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matthew rossi
Posted on Sunday, August 15, 2004 - 11:11 am:   

It seems like a place to leave news about myself and what I'm doing, which is cool, but to be honest I don't know what else to do with it. I already post essays all over the freaking place, so it seems odd to post them here, too. I enjoyed the Nexus Folk thread and the discussions of Sword and Sorcery fic a lot, I'd like to see more of that, so I think I'll ask anyone reading this: what do you want to talk about? Feel free to make use of this space for discussions of same, it interests me.
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Ron Dingman
Posted on Monday, August 16, 2004 - 01:09 am:   

I'd be happy to see another essay on the Kindred of the Kibbo Kift; "The Dragon and Marduk" is one of my favorite essays (thus far) in your book. It reminded me, in a way, of The Quatermass Conclusion, in that a popular youth movement was really a ruse to glut the maw of some aliens who viewed Earth as a farm and human beings as livestock. Brrr.

I'd also be interested in your looking at possible magickal overtones behind some of the more grisly murders of royal personages throughout history: England's Edward II comes to mind, of course, as does Wales' Davydd ap Gruffydd (David, son of Griffin), who was the first person executed in England for treason, as well as the last Welshman to hold the title "Prince of Wales." Prior to Edward I's (Edward Longshanks) ritualistic slaying and dismemberment of Davydd, it wasn't treasonous to take up arms against the English king. Wild. No matter what you think of Davydd -- and, make no mistake, he was a man who made many questionable choices and was far from easy to like, apparently perversely committed to enacting the part of Bricru Bitter-Tongue -- you'd have to be as big of a rotter as Longshanks himself to think that he deserved to die in the manner that he did. I have at least a nodding acquaintance with the horrors meted out during the various Inquisitions, and the account of his death is still incredibly gruesome. Horribly enough, it's no hyperbole to say that William Wallace got off easy next to Davydd.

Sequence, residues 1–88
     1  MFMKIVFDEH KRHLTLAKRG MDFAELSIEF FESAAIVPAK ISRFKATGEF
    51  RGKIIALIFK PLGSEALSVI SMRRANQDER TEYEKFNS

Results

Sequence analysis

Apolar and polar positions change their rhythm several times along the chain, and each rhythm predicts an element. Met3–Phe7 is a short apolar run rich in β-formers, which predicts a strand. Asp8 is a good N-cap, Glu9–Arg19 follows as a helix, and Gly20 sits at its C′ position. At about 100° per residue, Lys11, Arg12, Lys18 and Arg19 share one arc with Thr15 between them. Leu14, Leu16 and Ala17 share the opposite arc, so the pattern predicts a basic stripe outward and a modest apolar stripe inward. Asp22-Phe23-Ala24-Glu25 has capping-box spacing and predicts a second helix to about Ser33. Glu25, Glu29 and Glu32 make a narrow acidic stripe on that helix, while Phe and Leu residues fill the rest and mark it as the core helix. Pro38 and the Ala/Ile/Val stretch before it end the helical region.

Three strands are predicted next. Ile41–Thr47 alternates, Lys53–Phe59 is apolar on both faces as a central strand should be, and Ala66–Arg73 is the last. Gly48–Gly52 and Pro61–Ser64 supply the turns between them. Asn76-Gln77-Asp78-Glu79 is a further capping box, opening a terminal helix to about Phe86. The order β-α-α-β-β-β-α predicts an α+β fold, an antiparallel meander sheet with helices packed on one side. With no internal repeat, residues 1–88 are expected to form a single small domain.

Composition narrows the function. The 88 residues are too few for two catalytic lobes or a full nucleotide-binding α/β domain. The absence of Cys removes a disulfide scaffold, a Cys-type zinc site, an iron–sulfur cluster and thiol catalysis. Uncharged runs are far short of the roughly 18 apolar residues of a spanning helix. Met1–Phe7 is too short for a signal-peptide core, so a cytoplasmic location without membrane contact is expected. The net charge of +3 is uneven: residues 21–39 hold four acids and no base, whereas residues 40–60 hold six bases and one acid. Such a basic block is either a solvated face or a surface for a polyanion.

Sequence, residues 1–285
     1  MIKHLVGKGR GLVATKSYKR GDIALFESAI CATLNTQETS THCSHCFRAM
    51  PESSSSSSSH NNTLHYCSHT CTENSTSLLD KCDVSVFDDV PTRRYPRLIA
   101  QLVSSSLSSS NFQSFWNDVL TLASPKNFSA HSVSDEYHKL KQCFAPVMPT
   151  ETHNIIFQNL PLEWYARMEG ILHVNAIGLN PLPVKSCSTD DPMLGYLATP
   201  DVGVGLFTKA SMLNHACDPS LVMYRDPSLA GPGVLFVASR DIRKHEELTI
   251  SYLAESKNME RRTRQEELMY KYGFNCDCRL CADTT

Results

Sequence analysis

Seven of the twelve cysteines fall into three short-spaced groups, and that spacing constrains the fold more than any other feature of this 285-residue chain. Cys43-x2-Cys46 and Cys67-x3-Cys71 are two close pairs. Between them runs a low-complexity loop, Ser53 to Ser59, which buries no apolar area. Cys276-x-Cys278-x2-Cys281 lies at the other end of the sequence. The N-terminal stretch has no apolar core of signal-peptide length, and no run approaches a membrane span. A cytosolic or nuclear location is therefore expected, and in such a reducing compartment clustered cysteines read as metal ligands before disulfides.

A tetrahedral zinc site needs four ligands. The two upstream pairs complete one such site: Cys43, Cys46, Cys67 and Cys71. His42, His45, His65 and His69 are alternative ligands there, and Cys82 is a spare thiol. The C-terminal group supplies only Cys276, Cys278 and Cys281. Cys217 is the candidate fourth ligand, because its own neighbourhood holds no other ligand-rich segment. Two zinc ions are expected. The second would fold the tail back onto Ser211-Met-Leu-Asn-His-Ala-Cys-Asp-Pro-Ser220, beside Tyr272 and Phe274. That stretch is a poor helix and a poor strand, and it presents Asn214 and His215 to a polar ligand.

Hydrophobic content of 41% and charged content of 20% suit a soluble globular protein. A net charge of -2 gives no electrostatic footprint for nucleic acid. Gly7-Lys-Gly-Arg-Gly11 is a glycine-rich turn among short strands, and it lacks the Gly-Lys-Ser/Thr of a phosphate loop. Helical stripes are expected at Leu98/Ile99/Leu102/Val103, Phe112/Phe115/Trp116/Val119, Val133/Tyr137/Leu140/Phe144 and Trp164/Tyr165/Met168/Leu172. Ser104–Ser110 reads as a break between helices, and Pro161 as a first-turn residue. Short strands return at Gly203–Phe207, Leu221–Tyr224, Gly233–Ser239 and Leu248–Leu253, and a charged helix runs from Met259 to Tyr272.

On another note, I can't believe that no one's hit upon the idea of writing a Batman story (even an Elseworlds story) portraying the Caped Crusader as a Sufi; I'm thinking in particular of Robert Graves' introduction to Idris Shah's The Sufis, and his explication of the seal of Majorca. I'm sure you'll be able to tell me that this has been done, or at least proposed somewhere, and that the only reason I don't know about is because I was a Marvel Zombie far longer than a DCU Ghast (??).
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Matthew Rossi
Posted on Monday, August 16, 2004 - 02:21 am:   

Edward II may come up at some point. I'm currently working on the interminable Cathar essay that works in the Plantagenets as bred by the Knights Templar to counter Stephen of Blois, who was an ally to Raymond of Toulouse, whose descendants were the targets of the Albigensian Crusade, and there's a good deal about sexual identity, gender and magic in there, so maybe Eddie B might pop up. I had considered doing Wales from the time of Giraldus Cambrensis, so maybe Davydd will make an appearance.

I don't like Batman enough to do more with the idea than I did in the Springheel Jack essay, unfortunately. I am planning on exploring the Ismali in more detail, though.
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Ron Dingman
Posted on Monday, August 16, 2004 - 06:10 am:   

The fact that the Simon de Montfort (IV?) who is so revered in English history because he's credited with "introducing" the idea of representational government thanks to his rebellion against Henry III that was supported by the common people of London was the son of the Simon de Montfort (III?) who was such an infamous and sanguine commander against the Albigensians is pretty interesting too -- as is the fact that he too was undone by a young Longshanks, who apparently ordered the mutilation of his corpse and the display of the pieces on various "city" gates.

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